“These people who run the Indian grocery store are part of the community, same as the people who have the little taco shop where you can go buy chilis,” he said. “Unless we start interacting with them, they’re always going to be the other. And so the idea is, hey, these people might be your neighbors, you don’t know them. Unless you go in that store then you’ll realize, oh, that’s the guy that lives three doors down from me.”

Yes, it’s an expectation that immigrants attempt to assimilate into the communities they come to call home, he said, “but as somebody who’s been here a while, we also need to make an effort to make people feel welcome. To bring them into the fold and learn about them.”

This place — the South, much like where he grew in India, has a lot of social issues, he said. Prejudices and preconceived notions keep people from getting to know each other, and it can be awkward and difficult to discuss the ugly parts of history responsible for the inequality that exists today.

“We are still very far from being a society that treats people equally and gives people credit or respect for just being themselves,” he said.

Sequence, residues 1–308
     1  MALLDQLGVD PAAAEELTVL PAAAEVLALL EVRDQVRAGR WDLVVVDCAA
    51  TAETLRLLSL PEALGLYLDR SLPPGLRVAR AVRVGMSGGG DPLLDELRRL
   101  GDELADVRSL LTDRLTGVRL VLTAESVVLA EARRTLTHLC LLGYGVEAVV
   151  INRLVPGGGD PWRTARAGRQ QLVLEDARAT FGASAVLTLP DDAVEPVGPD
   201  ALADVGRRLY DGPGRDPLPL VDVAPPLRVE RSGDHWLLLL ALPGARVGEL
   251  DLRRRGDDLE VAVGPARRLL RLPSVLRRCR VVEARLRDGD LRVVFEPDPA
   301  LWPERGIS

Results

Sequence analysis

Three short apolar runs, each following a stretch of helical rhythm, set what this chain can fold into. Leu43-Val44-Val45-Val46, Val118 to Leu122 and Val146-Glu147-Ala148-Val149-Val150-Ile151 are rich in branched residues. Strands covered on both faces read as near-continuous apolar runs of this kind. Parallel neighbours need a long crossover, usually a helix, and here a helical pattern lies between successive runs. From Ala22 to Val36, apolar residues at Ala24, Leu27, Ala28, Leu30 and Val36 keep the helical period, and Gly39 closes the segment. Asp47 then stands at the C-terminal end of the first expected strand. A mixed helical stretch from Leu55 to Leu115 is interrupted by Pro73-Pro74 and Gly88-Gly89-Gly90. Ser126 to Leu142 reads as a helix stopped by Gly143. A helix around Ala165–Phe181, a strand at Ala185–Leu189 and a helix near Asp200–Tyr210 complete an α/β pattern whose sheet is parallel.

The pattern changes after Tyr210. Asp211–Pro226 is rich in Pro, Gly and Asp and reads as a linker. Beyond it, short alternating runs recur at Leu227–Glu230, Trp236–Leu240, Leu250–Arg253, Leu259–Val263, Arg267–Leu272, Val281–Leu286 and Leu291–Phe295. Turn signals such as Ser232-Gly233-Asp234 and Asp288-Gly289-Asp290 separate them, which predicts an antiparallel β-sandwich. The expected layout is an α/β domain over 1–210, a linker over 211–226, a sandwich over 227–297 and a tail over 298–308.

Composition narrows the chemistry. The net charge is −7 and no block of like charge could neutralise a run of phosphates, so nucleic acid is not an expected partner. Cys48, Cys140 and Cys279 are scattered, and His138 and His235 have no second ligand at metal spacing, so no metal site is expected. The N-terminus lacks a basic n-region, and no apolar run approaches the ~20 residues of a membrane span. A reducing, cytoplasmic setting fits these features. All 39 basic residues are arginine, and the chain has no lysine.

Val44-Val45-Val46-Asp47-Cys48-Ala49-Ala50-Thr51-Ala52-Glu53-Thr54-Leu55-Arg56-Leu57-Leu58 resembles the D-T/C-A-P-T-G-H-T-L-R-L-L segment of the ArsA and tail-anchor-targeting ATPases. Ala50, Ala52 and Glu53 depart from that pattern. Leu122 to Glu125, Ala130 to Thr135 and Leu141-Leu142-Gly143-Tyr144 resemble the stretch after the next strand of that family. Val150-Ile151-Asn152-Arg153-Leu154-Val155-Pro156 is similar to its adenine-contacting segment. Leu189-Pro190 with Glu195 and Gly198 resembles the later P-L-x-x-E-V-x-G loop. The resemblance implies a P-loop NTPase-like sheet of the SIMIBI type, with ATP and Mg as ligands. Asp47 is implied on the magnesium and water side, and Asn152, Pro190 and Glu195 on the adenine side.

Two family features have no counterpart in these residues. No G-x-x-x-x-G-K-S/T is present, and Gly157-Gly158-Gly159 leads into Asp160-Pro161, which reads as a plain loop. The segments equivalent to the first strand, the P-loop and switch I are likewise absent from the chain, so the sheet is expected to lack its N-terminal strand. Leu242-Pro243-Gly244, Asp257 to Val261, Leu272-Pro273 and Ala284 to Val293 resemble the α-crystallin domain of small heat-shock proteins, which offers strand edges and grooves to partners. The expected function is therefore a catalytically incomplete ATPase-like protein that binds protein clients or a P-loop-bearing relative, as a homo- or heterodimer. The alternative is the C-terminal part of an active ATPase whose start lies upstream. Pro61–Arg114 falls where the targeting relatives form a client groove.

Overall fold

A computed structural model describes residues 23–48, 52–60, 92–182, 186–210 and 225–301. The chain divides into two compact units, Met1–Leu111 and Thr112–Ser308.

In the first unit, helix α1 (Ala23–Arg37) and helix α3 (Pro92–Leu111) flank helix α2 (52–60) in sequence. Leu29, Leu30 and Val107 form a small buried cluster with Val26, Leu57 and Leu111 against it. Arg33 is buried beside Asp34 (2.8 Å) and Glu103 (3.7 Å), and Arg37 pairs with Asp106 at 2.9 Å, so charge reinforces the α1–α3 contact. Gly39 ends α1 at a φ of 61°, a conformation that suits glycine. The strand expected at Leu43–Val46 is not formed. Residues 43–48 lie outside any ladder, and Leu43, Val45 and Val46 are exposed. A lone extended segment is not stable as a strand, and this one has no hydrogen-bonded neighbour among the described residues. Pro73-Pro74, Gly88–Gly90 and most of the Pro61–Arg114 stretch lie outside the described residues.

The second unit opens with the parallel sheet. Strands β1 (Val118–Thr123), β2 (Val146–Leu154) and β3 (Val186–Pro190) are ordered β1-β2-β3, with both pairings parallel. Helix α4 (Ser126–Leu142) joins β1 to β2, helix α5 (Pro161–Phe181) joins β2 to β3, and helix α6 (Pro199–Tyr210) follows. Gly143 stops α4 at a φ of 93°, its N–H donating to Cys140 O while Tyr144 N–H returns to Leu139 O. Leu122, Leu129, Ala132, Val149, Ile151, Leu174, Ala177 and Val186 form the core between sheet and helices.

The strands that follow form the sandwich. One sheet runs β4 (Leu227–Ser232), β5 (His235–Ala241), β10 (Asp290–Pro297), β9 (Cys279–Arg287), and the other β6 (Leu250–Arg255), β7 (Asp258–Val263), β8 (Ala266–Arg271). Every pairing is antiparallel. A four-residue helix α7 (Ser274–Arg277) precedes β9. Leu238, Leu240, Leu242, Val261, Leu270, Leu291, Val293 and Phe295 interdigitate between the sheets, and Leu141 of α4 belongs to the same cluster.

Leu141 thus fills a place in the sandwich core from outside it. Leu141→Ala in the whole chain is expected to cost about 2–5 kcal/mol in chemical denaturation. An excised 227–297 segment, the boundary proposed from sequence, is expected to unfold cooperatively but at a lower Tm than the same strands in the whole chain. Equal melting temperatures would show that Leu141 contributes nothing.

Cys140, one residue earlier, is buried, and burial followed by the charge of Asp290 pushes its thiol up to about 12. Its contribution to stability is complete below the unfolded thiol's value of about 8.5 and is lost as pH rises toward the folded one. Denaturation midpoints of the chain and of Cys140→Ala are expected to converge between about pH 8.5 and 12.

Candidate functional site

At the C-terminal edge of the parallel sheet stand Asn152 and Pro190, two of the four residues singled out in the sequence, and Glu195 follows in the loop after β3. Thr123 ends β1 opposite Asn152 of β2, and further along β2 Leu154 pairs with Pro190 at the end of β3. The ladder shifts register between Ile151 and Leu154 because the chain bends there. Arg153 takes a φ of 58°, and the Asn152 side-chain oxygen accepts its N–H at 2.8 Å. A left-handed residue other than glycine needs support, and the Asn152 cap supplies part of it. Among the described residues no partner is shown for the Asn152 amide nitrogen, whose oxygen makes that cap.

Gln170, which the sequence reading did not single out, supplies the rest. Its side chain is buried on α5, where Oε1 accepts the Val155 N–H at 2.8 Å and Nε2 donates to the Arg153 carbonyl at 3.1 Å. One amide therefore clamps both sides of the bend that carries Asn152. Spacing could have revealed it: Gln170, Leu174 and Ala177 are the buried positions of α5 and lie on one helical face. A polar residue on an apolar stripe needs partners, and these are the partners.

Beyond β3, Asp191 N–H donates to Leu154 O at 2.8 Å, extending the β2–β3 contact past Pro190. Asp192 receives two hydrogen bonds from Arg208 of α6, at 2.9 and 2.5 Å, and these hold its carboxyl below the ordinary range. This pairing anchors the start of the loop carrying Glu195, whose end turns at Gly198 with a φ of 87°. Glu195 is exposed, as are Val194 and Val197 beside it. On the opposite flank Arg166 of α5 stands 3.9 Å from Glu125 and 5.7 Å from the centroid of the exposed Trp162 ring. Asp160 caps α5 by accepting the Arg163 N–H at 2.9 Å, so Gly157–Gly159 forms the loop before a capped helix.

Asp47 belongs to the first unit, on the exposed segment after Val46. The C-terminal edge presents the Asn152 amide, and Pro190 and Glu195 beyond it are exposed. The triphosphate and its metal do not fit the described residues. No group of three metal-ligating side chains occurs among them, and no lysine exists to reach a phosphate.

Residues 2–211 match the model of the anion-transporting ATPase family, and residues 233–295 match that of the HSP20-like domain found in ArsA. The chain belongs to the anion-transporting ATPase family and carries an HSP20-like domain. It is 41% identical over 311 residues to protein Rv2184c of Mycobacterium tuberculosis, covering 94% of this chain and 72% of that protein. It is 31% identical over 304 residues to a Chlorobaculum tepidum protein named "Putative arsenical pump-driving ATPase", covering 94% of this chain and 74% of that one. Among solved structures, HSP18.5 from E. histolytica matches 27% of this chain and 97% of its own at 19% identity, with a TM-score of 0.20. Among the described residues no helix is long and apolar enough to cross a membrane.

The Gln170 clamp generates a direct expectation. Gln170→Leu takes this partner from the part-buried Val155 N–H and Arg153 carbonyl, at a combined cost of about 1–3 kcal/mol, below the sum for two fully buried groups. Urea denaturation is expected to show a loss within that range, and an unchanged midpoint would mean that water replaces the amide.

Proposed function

Now 56, Bhatt continued: “What I’ve come to realize is that I can’t really wait any longer for people to interact with me or acknowledge me. I’m just going to say that I’m here.”

Differences in opinion or beliefs are solvable if people are willing to have a conversation, he said. What better way to start one than through a meal?

“The only way I know how to talk about it is through food — like okay, here’s what we eat. Here’s what it comes from. You know, let’s start that conversation.” 

What should people take away from “I Am From Here?” That cooking is easy, and a great way to get to know people. 

Bhatt, 2019 winner of the James Beard Award for Best Chef: South, is a featured panelist at the Mississippi Book Festival on Aug. 20. His cookbook goes on sale Aug. 16.

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Kayleigh Skinner joined the Mississippi Today team in January 2017 as an education and legislative reporter and advanced to a senior staff member in her four years with the company. Before joining Mississippi Today, Kayleigh worked at The Hechinger Report, Chalkbeat Tennessee, and The Commercial Appeal. She has appeared on MSNBC, NPR, and BBC Newsday Radio to discuss her reporting.